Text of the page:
Webinar on “Indonesia’s Health Sector Reform: Progress, Challenges, and Opportunities”

Tuesday, 4 June 2024 – In this webinar, Professor Laksono Trisnantoro shared some insights into Indonesia’s progress in transforming its healthcare system after the COVID-19 pandemic. He also discussed the effectiveness of the newly implemented Health Law and the challenges it faced in reforming Indonesia’s healthcare system.


ISEAS – Yusof Ishak Institute (ISEAS) invited Professor Laksono Trisnantoro, (Board chairman of the Center for Health Policy and Management, Universitas Gadjah Mada, Indonesia) to share his observations on the provision of the new Health Law and elaborated on the potential effects towards Indonesia’s healthcare system. Dr Siwage Dharma Negara, Senior Fellow, and Co-Coordinator of the Indonesia Studies Programme at ISEAS- Yusof Ishak Institute, moderated this webinar.

Professor Laksono Trisnantoro highlighted the need to implement additional regulations to tackle the current issues faced by Indonesia’s healthcare system. (Credit: ISEAS – Yusof Ishak Institute)

Professor Laksono Trisnantoro began his presentation by first illustrating the healthcare system in Indonesia before the COVID-19 pandemic, stating that the processes were not effective, efficient, and equitable. Indonesia did not experience a comprehensive reform of its healthcare system, despite implementing many laws across history to facilitate changes. These new laws, such as the Medical Practice Law and the Social Security Law, were implemented without much coordination with other aspects of the healthcare system. Other hurdles also prevented its complete reform. Lack of accessibility to medical services, poor distribution of medical specialists and the uneven distribution of the National Healthcare Insurance (BPJS) spending across provinces were some other problems afflicting Indonesia’s healthcare system. As such, a reform in the healthcare sector would require multiple layers of transformation, such as integrating different health policies and addressing immediate objectives like accessibility and quality of medical services. 

Professor Trisnantoro also noticed how the COVID-19 pandemic had indirectly led to a rapid transformation of Indonesia’s healthcare system. After the pandemic, The Ministry of Health created Indonesia’s Health System Transformation 2021 – 2024, which aims to improve primary and secondary care services as well as ensuring the resilience of the health system. The government also enacted the Health Care Law as the legal basis for the health system’s transformation. This law would give the government more authority to formulate policies needed for the effective provision of medical services. In some sense, Professor Trisnantoro believed that enacting this law was an attempt to balance between the government’s control and the medical association’s control of medical services. Returning the power of health sector’s governance back to the government could fasten the implementation and regulation of this new Health Policy Law.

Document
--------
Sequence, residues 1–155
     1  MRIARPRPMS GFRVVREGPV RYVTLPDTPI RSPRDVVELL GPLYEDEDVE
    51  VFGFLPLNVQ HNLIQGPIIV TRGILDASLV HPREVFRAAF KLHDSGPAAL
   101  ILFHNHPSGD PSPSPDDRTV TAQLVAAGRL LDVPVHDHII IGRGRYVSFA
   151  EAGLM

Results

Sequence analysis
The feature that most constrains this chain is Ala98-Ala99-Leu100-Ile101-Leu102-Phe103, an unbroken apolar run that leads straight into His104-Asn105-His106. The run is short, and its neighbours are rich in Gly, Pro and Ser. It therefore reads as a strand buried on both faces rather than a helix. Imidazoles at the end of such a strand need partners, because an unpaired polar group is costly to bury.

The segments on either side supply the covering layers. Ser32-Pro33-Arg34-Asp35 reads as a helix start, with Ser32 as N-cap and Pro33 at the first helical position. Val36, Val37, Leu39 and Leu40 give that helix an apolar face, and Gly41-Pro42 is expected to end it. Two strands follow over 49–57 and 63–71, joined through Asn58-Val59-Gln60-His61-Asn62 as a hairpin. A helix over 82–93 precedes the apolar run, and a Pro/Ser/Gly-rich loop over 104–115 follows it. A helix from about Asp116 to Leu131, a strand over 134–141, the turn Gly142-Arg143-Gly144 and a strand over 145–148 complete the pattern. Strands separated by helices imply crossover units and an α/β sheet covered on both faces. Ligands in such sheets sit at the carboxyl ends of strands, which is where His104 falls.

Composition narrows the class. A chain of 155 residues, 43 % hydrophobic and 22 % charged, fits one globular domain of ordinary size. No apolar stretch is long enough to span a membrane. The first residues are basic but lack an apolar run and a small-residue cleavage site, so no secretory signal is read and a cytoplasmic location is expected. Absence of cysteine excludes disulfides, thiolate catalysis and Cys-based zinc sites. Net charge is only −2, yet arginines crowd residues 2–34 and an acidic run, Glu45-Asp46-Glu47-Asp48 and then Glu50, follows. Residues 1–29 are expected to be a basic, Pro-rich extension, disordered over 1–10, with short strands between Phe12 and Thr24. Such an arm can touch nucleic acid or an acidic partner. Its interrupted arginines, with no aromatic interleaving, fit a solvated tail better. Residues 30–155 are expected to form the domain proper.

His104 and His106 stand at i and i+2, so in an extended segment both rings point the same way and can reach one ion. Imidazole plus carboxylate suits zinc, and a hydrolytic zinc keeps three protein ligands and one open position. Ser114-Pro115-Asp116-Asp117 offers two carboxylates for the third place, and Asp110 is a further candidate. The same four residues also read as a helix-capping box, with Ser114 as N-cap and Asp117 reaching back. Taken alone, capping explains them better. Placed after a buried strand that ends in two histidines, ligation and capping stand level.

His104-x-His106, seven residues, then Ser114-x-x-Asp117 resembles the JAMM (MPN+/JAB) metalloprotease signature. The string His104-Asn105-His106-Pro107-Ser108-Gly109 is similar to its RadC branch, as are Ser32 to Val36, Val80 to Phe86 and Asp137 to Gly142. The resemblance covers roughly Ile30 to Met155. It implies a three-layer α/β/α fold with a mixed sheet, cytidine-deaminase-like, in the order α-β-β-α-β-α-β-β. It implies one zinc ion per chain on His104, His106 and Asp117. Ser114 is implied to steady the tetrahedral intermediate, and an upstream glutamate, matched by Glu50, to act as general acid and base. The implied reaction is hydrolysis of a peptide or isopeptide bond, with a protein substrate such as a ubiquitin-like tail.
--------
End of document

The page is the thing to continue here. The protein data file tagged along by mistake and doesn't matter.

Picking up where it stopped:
Professor Trisnantoro highlighted the challenges in implementing the Health Policy Law. One of the challenges is to increase human resources across the archipelago, such as medical workers and specialists. Generating more specialists in other provinces had become complex due to conflicting regulations set prior to the enactment of the new law. He cited a case example, stating that the new law would allow doctors to have hospital-based specialist training where they could be trained in a particular skill set, based on the hospital’s needs. However, this would conflict with the Medical Practice Law, where doctor’s specialization had to be approved through the university. As much as this new law could help resolve some manpower issues, executing it would be challenging without solving the conflicting regulations. Similarly, he also pointed out a potential financial constraint, especially when tax to GDP ratio for Indonesia has been declining over the years. Moreover, Professor Trisantoro highlighted that the existing Universal healthcare (UHC) policy has a centralized flow of financing health insurance, which is in contrast with the current decentralized health system model. There is a need to realign the insurance system to be more compatible with the overall health system. Professor Trisnantoro therefore proposed to have more innovative health financing such as private insurance or local government fundings to support healthcare transformation.

The webinar drew an online audience of 78 participants from Singapore and abroad. Some of the topics raised from the Question-and-Answer session included the priority of health reforms under the new administration, the possibility of attracting more foreign investors with the new Health Law and the notion of digital health or telemedicine. Most of the discussion also revolved around the feasibility of having innovative financing, such as incentivization of private health insurance, and improving the current Social Security Agency on Health (BPJS) system.  Professor Trisnantoro acknowledged that it would not be an easy task, especially when access to medical services across Indonesia has been uneven. The intended target audiences for the BPJS (which is the lower and middle-income class) are not receiving the necessary benefits they need. As such, he firmly believed that there is a need to have alternative financing methods which are tiered to different income levels. This will provide people with the flexibility in choosing the type of medical assistance they need, indirectly reducing the financial burden on the government.